Alex, the son of a Mexican mother and Japanese father, represents the challenges to raising a multicultural, multilingual child. This sweet boy will break and make your heart. The filmmakers’ decision to include a child’s perspective of forging cultural identity was resonant, especially as the other interviewees are adults reflecting back upon their experiences growing up mixed. Alex reminds us of the sharpness of the first encounters with racism early in life, from lunch time to the playground, and the earnest victories of overcoming those challenges, or at least learning how to manageably incorporate them into who you want to become. The diverse range of personal stories in this documentary offer everyone a slice of life with which they can identify.
Though the film largely narrates the struggles involved with tracing mixed roots, ultimately, with the help of the endearing character and movie star-caliber smile of David, the Ghanan-Japanese man, the film ends on a positive note. David concludes that the questions he constantly encounters are worth answering because doing so will make life easier for future generations of mixed roots individuals. That hope for the future feels secured by David’s charity to build schools in his mother’s home of Ghana and Venezuelan-Japanese Edward’s non-profit organization Mixed Roots. The positive work that these individuals do and what the film aspires to do by foregrounding these personal stories before outlining Japan’s demographic statistics as the credits roll is revealed to be all the more important when the post-screening Q & A session fields a question expressing concern about the high birthing rates of immigrants, and thus rates of miscegenation, in the U.S. One of the directors, Megumi Noshikura, answered this question (in addition to all the other, non-offensive inquiries) with grace and eloquence, and I fully support her patient efforts to cultivate tolerance through her film.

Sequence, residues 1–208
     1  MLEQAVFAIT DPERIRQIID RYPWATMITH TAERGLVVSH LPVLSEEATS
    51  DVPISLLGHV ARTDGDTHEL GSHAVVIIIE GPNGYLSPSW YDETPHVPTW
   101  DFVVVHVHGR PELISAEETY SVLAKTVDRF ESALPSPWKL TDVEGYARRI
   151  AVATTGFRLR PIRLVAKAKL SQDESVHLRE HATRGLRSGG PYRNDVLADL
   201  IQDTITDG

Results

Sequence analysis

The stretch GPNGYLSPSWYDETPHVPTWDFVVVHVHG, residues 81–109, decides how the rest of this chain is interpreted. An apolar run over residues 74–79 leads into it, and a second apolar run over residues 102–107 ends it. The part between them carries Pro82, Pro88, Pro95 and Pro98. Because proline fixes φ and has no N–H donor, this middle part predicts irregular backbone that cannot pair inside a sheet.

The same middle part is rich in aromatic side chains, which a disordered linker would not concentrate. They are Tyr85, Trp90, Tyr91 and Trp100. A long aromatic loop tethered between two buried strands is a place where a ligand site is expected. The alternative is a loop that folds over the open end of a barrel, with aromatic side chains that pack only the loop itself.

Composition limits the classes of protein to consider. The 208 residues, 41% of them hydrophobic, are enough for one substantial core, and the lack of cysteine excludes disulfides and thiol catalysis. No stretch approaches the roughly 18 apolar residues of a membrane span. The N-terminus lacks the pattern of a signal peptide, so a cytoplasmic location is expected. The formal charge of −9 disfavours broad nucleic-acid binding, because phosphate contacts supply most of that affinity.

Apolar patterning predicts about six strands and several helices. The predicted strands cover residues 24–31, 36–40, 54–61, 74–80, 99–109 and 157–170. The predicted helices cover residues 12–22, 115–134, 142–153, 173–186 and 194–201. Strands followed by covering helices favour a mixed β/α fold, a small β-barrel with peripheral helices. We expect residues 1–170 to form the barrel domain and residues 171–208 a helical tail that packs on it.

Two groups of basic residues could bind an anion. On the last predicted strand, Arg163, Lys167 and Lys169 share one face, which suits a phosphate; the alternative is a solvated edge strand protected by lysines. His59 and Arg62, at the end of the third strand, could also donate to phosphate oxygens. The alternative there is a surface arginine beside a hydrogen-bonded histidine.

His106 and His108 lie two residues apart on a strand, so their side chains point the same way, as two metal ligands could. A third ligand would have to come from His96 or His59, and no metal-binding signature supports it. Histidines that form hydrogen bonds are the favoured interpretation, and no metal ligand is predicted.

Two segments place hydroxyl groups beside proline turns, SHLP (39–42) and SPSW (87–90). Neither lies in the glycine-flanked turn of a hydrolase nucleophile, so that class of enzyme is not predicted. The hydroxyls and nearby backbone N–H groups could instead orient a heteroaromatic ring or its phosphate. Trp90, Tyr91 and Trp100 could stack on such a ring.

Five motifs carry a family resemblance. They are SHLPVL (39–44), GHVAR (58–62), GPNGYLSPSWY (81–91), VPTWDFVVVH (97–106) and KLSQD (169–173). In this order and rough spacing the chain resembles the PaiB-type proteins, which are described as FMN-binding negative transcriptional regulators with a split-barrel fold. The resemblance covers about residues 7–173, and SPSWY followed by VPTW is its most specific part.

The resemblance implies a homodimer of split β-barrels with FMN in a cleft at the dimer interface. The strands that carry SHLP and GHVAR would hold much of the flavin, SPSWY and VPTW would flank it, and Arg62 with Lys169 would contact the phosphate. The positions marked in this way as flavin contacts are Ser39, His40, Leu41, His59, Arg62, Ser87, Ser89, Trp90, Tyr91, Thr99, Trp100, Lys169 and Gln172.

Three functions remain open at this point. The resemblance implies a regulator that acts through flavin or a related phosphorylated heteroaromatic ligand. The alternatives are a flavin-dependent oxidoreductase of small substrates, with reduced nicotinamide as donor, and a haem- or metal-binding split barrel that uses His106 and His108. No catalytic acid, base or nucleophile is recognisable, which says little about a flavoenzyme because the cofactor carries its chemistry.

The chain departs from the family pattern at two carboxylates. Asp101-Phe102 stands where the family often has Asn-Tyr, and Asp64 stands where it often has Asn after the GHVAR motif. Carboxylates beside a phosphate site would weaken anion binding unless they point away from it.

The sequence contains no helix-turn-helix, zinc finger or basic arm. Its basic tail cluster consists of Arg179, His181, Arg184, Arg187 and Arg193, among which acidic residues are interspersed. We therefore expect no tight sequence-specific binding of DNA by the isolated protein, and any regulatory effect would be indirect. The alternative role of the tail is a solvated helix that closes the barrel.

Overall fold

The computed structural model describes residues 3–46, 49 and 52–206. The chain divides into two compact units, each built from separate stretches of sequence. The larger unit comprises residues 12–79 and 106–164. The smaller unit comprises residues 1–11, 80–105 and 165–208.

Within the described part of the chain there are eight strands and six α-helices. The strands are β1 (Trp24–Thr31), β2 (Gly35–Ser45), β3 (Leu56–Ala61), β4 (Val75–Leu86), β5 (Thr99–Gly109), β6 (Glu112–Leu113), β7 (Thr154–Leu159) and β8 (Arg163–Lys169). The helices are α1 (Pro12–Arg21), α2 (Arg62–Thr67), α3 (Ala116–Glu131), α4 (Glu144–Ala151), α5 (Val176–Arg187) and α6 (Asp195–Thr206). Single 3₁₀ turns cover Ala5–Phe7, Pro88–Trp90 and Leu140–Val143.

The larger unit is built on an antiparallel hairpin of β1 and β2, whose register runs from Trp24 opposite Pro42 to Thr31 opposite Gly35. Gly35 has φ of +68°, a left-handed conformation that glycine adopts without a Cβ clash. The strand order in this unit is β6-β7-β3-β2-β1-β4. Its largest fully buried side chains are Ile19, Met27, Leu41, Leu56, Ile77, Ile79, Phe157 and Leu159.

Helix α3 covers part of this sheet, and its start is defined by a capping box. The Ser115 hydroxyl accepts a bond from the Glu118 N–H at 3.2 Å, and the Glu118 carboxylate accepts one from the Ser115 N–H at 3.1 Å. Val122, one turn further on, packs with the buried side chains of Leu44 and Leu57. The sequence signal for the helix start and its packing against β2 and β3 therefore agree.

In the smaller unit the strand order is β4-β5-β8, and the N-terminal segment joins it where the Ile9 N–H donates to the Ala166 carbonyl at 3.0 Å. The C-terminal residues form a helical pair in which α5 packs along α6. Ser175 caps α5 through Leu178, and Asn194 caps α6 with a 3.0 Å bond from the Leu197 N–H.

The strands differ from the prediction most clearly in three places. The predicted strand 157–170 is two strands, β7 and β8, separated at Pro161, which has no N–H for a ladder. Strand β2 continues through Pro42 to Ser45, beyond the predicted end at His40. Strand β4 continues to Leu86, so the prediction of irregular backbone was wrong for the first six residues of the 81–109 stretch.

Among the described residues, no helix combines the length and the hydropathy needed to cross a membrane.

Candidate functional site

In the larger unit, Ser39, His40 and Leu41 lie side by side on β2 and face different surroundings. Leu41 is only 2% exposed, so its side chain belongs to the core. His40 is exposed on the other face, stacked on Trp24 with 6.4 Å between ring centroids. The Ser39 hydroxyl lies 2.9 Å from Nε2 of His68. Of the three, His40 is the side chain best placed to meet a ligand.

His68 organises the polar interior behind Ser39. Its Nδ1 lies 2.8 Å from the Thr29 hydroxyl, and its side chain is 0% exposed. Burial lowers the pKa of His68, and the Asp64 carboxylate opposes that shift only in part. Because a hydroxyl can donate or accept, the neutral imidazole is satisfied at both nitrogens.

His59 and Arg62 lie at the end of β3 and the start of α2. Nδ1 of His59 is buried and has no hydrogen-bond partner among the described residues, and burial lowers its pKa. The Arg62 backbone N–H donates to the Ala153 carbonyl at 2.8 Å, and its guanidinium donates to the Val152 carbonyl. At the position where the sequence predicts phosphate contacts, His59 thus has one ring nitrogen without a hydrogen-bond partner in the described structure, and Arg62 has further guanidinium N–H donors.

Finally, another Asian American use of film as a tool for education and activism is Plastic Paradise: The Great Pacific Garbage Patch, directed by Los Angeles-based filmmaker Angela Sun. This film documents Sun’s seven-year investigation into the bigger-than-Texas (literally) buildup of plastic debris/waste in the Midway Atoll, known as the Great Pacific Garbage Patch. This film is important because so often Asians are associated with detrimental impacts on the environment, from Chinese factory pollution to overfishing in Japan, and here Sun is fighting to save the Pacific Ocean, the space where Asia and America converge, albeit through histories of war. And trash.